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Epidemic of violent murders of LGBTQ people continues in Puerto Rico

Epidemic of violent murders of LGBTQ people continues in Puerto Rico
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The bodies of two transgender women have been found inside a badly burned car in Puerto Rico. At least eight LGBTQ people have been killed on the island lately.

They were identified as Layla Peláez and Serena Angelique Velázquez by local activists. Police say DNA testing will be required to officially identify the women.

Related: Man who broke a trans woman’s jaw for using a restroom is getting what he deserves

Peláez’s grandmother was able to identify her granddaughter’s car when she saw it on the local news.

“In reality, we never thought something like this would happen,” Luz Melendez, Peláez’s cousin told The New York Times. “She didn’t have bad friends and she was never in the street. It caught us by surprise since she transitioned so easily and she didn’t ever have any issues.”

“This is an epidemic of violence, anti-LGBT violence that has resurfaced in Puerto Rico,” local activist Pedro Julio Serrano said. “We haven’t seen this type of violence in this quantity in a very long time — I would say 10 years.”

Serrano is the previous Director of Communications for the National LGBTQ Task Force.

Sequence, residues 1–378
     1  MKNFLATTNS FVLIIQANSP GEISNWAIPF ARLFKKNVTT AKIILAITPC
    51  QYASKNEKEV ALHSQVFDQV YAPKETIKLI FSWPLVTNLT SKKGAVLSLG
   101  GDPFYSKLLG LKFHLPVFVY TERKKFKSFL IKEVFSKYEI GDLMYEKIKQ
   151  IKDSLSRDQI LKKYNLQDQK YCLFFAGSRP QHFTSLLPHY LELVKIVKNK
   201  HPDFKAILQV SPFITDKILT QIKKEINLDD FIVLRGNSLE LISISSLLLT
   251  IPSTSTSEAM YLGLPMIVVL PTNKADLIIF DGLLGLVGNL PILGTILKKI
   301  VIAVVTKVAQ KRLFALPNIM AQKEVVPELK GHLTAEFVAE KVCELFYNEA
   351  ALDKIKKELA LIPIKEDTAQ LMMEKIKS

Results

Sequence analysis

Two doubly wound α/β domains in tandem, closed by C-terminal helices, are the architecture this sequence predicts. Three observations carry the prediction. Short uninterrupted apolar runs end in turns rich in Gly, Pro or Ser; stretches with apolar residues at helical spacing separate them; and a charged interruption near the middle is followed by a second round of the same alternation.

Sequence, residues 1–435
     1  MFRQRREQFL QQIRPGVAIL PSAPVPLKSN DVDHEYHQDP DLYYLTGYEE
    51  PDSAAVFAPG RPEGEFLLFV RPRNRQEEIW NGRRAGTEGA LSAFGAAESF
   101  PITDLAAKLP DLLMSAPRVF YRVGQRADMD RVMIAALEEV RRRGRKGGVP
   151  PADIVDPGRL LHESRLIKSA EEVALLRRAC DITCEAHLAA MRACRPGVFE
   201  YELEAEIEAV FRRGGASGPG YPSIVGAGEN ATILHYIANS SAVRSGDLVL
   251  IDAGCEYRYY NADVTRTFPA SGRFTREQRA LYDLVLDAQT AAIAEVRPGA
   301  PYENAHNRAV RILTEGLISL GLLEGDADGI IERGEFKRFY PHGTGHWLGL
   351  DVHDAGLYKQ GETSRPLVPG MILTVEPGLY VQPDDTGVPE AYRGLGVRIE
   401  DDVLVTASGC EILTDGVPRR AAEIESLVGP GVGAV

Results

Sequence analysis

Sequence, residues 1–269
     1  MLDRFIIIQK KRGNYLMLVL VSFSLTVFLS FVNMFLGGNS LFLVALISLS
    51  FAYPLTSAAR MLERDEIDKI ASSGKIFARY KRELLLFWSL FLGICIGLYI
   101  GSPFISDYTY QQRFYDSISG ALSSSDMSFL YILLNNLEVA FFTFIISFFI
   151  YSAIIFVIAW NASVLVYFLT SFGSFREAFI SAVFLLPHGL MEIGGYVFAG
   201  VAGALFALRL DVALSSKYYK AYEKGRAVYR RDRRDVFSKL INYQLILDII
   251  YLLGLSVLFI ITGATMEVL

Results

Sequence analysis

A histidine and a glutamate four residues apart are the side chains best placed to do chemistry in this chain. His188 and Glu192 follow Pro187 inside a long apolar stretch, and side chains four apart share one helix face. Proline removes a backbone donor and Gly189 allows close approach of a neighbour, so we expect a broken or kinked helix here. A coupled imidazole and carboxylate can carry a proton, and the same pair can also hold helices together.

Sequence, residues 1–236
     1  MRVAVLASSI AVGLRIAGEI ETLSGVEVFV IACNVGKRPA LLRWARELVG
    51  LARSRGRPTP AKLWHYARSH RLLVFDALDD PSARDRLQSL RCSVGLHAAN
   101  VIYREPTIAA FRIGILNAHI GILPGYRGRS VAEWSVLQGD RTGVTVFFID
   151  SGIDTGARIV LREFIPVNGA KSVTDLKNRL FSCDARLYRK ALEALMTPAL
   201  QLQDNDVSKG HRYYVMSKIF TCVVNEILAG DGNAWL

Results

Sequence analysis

An autopsy will show how the victims were killed. Police have determined the women were murdered, but cautioned that “doesn’t mean it was a hate crime.”

“I can’t just say this is a hate crime from the scene,” said Capt. Teddy Morales, the chief criminal investigator for the area where the bodies were found. “We need to know who killed them, why did he kill, and what were the motivations to say this was a hate crime.”

Police want to identify two men who were with the women on the night of the murder. Photos of the men were posted to one of the victims social media accounts shortly before they were killed.

Peláez and Velázquez lived in New York City and were friends. They were visiting relatives on the island and planned to return once the coronavirus lockdown was lifted and it was safe to go home.

LGBTQ people have been hit harder economically by coronavirus lockdowns

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